Racing back to Amsterdam at 270 km/h, time to consolidate my takeaways from this year’s FOSDEM in Brussels. More geeks (5,000+ expected), more lectures (200+) and more topics I wanted to follow: succeeded with OpenOffice, Drupal, and CouchDB, but not with Mozilla and XMPP. A geeky overview of my takeaways.
I haven’t managed to write (publicly) for some time: new projects kept me busy, either launching, or preparing. But thanks to a tweet by Planspark, I read (yet another) piece by someone who is becoming my personal “Sound Byte Hero”: Clay Shirky. At the moment, Siegfried Woldhek and I are preparing a position paper on how International Development Cooperation will change, as part of a series of debates with existing organisations and the Minister for Development Cooperation here in The Netherlands. So when my friend Tim Bonnemann send out a tweet today “Must-read of the day: Clay Shirky’s “Newspapers and Thinking the Unthinkable”, I summarised the take-away quotes for me.
I haven’t been able to go to the Web2ForDev meetings so far, but have encountered the typical problems of ICT and knowledge sharing in rural areas around the world. So when Christian Kreutz approached me to contribute to a publication by GTZ, the Deutsche Gesellschaft for Technische Zusammenarbeit (German Technical Cooperation), on how NABUUR offered a new way of connecting people and letting knowledge flow, I got in touch with Raul Caceres, who has done amazing work as a NABUUR volunteer, resulting in a United Nations Volunteer of the Year Award, and an invitation to speak at the Nobel Summit on Public Services. Together, we wrote one of the seven articles in “The Participatory Web – New Potentials of ICT in Rural Areas”.
NetSquared already has started. Sitting next to again an impressive cake, the room is buzzing while I write my intro. Rolf Kleef, from Amsterdam, here to enjoy San Francisco for some three weeks, and doing the last little bits with Roshani and Mike of Oneworld US to be ready for two rollercoaster days!
Back from FOSDEM in Brussels. In their own words on the information booklet: "4000+ geeks, 200+ lectures, 2 days, 0 EURO". I had two motivations to go there: Brussels is close to my home in Amsterdam and always nice to visit; and I could sit and listen a whole day to Drupal presentations, and get the opportunity to check out some other projects too.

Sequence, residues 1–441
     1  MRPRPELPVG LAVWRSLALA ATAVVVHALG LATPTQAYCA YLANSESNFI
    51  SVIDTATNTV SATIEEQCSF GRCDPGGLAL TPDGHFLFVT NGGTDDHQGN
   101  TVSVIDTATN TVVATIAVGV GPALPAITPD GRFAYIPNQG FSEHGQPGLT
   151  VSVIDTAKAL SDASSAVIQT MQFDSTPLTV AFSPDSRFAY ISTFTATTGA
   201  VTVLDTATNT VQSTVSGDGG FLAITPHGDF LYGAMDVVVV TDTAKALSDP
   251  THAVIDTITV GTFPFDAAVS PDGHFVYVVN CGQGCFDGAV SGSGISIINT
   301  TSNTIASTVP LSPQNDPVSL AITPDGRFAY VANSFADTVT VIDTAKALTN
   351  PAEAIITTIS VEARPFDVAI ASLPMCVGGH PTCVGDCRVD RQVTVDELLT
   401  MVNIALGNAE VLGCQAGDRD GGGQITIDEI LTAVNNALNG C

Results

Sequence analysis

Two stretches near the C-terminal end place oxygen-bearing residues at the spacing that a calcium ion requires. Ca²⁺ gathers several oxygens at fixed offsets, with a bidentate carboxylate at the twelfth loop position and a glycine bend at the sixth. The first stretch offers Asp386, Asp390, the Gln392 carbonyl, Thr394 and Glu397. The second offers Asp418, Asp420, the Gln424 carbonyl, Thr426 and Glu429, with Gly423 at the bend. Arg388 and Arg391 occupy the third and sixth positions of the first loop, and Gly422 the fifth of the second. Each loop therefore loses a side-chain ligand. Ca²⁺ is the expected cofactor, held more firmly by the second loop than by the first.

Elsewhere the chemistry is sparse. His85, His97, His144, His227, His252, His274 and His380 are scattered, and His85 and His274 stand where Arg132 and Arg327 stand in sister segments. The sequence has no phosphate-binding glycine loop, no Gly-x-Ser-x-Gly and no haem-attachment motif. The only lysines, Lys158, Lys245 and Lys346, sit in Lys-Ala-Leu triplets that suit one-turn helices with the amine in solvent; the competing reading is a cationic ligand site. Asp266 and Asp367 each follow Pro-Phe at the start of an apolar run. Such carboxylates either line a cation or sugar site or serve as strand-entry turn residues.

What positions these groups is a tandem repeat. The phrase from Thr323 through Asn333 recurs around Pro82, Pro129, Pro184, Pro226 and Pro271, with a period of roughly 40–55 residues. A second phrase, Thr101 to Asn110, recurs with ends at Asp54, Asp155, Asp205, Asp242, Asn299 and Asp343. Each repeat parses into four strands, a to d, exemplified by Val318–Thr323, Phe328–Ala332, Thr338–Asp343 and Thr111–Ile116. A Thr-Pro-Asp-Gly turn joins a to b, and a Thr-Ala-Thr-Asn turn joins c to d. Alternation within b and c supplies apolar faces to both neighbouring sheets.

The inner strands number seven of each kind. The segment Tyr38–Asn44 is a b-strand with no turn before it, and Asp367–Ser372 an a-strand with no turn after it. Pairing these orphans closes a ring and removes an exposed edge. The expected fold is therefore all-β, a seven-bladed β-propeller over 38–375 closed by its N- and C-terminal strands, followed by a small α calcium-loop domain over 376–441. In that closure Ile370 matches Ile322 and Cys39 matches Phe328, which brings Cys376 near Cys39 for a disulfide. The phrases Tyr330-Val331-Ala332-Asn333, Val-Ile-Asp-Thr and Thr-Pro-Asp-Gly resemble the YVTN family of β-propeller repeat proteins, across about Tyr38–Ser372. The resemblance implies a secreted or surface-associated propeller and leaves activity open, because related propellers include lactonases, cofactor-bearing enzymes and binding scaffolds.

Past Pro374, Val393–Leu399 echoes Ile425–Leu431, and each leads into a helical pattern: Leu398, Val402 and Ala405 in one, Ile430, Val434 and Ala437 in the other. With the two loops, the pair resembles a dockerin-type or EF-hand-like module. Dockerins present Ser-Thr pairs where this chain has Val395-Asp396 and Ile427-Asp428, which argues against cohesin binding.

As the FOSDEM booklet says, it’s a gathering focused on lectures, so I got my portion of sitting still and getting powerpoint-poisened in over-crowded and under-ventilated rooms. A lot of people breaking the "show me, don’t tell me" rule. But Brussels was nice, and some of the presentations on Drupal and Thunderbird were useful for me:
We’ve got our first Nivocer office space this month! My business partner Jaap-André is based close to Enschede, in the east of The Netherlands, and found this lovely former seminary-now shared office building not too far from his home, where we now have our first room and access to facilities in an inspiring setting. A building completed in 1937, but having a pretty rich history of use already. Far away from my Amsterdam home for Dutch standards, so I will continue looking for something closer by. Canadian friends remind me that a two-and-a-half-hour commute to work is not even really rare within the Toronto area, but my 1-minute journey to my home office is quite precious to me still. Meanwhile, Jaap-Andre is connecting his now truly separated business and private life with his recumbent bicycle.
Today, I received an action alert from you, through my membership of Care2. It’s great to hear your contributing to the fight against Japanese whaling, but I was somewhat taken back by your approach. You’re asking me to "Help Humane Society International lead the opposition on Japan’s Whale Hunt!". Pardon?
Having worked at a desk next to the international anti-whaling campaign team of 2006-2007 of "another organisation", your name wasn’t at the top of my list of anti-whaling campaigns. Frankly, it wasn’t at my list at all, and I’m sorry to say, I didn’t even know Humane Society International existed.
So I wanted to find out a bit more about your campaign. But…